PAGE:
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July 25, 2015

More Seniors Reporting Cases of Abuse: Welfare Centres (SINGAPORE)

More seniors are reporting cases of abuse, according to welfare centres who deal specifically with family violence. They said physical violence remains the most common form of abuse, but more elderly people are also falling prey to financial abuse, with their family trying to get them to surrender their savings.
On Monday (Jul 20), a Facebook user "ApohTecky Numero" had posted a video online that showed an elderly woman being hit by a younger lady at Block 48 Lower Delta Road. Police later confirmed that a report had been lodged. "Preliminary investigations revealed that a 25-year-old female Singaporean had allegedly assaulted her 58-year-old mother on Jul 20," they stated. The 25-year-old is helping police with their investigations.
Ms Tan Ching Yee, 45, oversees TRANS SAFE Centre, a voluntary welfare organisation in Bedok and one of three family violence specialist centres in Singapore. She has seen many cases of elderly abuse in her 20-year career, but one which took place three to four years ago stood out.
"When we went to the home, we found that he was actually found lying on the trash bag, very thin, wearing diapers and totally grossly neglected. We had to send him to the hospital,” said Ms Tan.
Most cases of elderly abuse by family members are referred to the centres by healthcare institutions such as hospitals and polyclinics, and the courts.
TRANS SAFE Centre sees around 80 such cases annually, and around 40 cases have been reported this year. The most common form of abuse involves physical violence, followed by psychological abuse, neglect and financial abuse, such as getting the seniors to hand over their savings. Their impact over the long term can be devastating, leading to a sense of helplessness, isolation and depression.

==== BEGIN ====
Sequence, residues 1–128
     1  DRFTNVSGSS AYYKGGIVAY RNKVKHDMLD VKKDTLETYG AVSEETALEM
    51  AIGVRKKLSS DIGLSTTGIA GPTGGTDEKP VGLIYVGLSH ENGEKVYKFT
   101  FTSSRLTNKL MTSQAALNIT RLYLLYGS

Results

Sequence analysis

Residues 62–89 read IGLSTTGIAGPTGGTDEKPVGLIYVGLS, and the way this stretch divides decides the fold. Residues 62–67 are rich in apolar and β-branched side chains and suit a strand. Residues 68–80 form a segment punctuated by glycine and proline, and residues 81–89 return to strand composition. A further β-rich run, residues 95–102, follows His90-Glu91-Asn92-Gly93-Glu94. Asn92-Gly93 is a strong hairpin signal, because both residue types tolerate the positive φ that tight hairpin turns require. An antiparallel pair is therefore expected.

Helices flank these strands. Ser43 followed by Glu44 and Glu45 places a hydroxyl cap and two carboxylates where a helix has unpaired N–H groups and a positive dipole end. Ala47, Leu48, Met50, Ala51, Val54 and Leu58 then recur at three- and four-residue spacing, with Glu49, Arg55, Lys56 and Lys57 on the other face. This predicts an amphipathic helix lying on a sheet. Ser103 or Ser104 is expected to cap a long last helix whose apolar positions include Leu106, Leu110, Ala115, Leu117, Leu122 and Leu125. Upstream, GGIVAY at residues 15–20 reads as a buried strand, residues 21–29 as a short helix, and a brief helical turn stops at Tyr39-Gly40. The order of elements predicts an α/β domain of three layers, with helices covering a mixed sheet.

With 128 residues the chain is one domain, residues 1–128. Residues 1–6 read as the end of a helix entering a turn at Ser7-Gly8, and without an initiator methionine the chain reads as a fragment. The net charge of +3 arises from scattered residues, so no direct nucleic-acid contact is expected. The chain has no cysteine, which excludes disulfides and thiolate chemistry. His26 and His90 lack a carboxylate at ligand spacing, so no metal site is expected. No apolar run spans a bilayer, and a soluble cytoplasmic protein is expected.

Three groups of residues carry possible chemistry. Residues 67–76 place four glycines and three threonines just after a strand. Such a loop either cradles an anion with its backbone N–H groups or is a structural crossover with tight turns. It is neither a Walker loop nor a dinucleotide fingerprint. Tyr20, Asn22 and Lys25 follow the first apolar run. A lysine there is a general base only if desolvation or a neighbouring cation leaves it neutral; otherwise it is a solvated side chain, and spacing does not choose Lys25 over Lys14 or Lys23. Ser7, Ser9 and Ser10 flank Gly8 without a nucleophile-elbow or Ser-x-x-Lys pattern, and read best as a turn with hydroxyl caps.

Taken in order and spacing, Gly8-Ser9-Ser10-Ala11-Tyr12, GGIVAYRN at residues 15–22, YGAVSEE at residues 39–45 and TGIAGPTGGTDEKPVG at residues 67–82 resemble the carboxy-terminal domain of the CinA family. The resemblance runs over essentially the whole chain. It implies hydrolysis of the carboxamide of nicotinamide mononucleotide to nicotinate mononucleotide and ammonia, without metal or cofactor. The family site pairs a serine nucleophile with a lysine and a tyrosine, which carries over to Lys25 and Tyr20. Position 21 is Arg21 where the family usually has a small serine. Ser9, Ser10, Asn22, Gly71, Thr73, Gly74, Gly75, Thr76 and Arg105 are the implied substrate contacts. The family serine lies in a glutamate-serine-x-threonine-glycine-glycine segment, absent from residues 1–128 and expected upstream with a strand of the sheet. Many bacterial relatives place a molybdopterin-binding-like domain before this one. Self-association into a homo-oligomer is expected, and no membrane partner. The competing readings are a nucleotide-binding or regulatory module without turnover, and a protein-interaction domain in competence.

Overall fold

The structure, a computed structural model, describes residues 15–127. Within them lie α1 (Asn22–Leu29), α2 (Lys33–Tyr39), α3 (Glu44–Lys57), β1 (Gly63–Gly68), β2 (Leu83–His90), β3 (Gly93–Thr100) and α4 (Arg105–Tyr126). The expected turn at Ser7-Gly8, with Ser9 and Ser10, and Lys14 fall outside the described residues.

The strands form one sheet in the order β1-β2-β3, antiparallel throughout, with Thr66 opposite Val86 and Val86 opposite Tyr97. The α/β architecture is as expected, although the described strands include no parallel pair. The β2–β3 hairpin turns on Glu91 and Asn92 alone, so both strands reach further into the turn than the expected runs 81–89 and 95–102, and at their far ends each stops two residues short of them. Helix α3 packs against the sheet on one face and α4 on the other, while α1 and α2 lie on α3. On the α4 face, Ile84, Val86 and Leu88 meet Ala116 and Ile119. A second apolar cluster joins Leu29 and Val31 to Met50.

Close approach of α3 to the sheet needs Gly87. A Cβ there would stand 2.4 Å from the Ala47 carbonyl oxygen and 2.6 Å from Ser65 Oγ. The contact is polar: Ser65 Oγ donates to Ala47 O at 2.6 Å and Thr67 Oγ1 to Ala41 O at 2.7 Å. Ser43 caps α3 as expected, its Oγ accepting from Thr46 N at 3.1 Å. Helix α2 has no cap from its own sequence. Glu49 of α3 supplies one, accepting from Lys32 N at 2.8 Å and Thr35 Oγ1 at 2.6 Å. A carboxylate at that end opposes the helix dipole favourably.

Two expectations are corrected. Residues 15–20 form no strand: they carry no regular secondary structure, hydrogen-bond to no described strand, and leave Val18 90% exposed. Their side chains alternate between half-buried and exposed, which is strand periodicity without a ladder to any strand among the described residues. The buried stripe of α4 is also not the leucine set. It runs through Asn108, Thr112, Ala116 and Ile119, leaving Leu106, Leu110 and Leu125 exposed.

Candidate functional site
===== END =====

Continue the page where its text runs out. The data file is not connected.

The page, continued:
With growing awareness of what constitutes abuse and of avenues to seek help, more seniors are reporting such incidents. TRANS SAFE Centre said that between 2010 and 2014, the figure rose from 7 to 17 per cent, among those aged 60 to 64.
Care Corner Project StART - another centre that deals with family violence - has also noticed this trend, and it said that this group is also vulnerable to financial abuse as they tend to be better-off.
The centre sees 80 cases of elderly abuse each year and half involve financial abuse. 
Said Ms Agnes Chia, group director for family and community services at Care Corner Project StART: “We do see their adult children coming in to coerce them to pass on even the deed of the HDB flat to them and coerce them to pass their savings to them. And tactics of abusing them physically would be employed at times to coerce them to surrender their lifelong savings.”
Social workers dealing with cases of elderly abuse said the introduction of the Vulnerable Adults Act by the end of the year would be timely. It would give them the powers to enter the homes of elderly people suspected of being abused.
Currently, family members may prevent them from getting access to these seniors.
"But we need to recognise that a law is only a law. It is after that, what happens? So, we can't assume that the Vulnerable Adults Act can resolve the problem overnight. Looking at the whole process of working towards getting family members to acknowledge that things can be better and things do not have to be resolved using violence. Ultimately, that is still the aim,” said Ms Tan.
Social workers said there is one key challenge that the public faces when it comes to reporting incidents of family violence - distinguishing between whether it is a family dispute or a case of abuse.
Still, they said that more are stepping up to alert them of such cases.

SOURCE:    ChannelNewsAsia

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